This collection of essays by leading scholars in consciousness aims to show that in order to understand mind as a whole we have to also consider its non-conscious part. Obtaining a more thorough insight into the non-conscious is indispensable for a better understanding of consciousness - the two spheres are to be perceived not as separated but rather as interconnected. The non-conscious is habitually associated with automatized motor behaviour, skills, and habits, but even in their most elementary forms these aspects of mind require a high level of sophistication and cognitive competence. Most complex cognitive tasks, such as perception, memory, decision making, etc. also rely heavily on non-conscious processing, which is not only faster but also proves to be in many respects more fundamental.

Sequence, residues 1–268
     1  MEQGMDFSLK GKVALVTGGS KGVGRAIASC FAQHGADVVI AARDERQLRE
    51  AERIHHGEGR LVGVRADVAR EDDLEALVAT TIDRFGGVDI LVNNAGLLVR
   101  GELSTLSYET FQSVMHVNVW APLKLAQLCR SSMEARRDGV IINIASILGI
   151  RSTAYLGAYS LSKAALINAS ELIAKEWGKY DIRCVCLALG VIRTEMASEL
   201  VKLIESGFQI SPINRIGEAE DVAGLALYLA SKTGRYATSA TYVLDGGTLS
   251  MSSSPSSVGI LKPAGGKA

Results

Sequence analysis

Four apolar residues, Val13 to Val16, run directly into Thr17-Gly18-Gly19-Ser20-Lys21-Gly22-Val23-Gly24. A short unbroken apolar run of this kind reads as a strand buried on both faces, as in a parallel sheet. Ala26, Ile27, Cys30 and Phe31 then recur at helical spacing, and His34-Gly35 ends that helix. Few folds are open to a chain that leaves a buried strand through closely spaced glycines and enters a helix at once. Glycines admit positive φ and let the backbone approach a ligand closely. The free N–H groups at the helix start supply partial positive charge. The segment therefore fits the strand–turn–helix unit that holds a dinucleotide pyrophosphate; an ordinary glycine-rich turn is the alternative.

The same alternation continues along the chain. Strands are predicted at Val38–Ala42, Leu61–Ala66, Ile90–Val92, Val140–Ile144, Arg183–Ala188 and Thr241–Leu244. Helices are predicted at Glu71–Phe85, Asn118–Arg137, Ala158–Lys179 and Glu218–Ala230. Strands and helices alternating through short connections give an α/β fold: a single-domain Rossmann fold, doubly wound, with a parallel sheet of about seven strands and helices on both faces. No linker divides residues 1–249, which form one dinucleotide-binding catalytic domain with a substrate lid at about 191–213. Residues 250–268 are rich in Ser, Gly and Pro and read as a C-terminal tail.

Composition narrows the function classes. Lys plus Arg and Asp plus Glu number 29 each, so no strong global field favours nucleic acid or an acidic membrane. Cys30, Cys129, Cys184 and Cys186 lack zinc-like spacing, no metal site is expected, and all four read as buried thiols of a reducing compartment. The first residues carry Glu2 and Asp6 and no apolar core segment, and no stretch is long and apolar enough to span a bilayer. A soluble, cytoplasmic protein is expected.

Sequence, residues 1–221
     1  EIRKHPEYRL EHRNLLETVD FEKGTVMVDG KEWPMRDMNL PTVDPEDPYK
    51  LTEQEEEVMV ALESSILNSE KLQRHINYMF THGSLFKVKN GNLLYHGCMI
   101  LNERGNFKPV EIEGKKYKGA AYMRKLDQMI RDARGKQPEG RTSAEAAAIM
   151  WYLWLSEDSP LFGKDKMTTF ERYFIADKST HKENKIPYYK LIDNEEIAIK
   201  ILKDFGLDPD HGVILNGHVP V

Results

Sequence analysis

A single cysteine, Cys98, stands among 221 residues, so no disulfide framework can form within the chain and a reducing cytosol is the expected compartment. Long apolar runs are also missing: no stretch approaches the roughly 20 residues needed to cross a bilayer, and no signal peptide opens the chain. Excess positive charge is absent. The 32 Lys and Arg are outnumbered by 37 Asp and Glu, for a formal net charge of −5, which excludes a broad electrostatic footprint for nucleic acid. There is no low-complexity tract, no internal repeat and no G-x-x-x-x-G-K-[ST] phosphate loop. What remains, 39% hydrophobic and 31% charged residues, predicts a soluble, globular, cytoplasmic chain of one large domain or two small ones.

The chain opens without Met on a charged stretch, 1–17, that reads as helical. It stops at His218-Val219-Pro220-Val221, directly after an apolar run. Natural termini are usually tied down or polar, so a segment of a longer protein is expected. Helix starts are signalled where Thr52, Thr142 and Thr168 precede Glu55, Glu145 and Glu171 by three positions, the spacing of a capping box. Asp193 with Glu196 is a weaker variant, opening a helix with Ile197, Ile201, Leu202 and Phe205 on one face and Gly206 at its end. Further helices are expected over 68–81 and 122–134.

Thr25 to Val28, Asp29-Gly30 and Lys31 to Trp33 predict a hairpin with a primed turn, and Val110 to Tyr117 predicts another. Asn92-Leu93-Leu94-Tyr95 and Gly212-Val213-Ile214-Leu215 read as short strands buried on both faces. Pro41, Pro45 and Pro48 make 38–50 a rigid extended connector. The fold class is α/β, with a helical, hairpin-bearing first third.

The investigations included in this volume point to the conclusion that we can behave in a cognitively competent way without recourse to consciousness; that we may act in a reasoned manner even away from awareness; that thinking can be instantiated without engaging the sober conscious reasoner; that our coping in the world is meaningful and fulfilling even when conscious control and volition are dormant. This book aims to integrate the non-conscious as a constitutive dimension of the mind and also to outline how it is indispensable in virtually everything we do.
Keywords: Consciousness, unconscious, non-conscious, mentality, mind, habit, automaticity, motor behaviour, skill, flow, choke, cognition, perception, memory, decision making, awareness, volition, brain, pure consciousness, conscious processing, higher-order awareness, judgment, analogy, hallucination, inner speech, predictive processing, neurology, philosophy of mind, philosophy of action, intention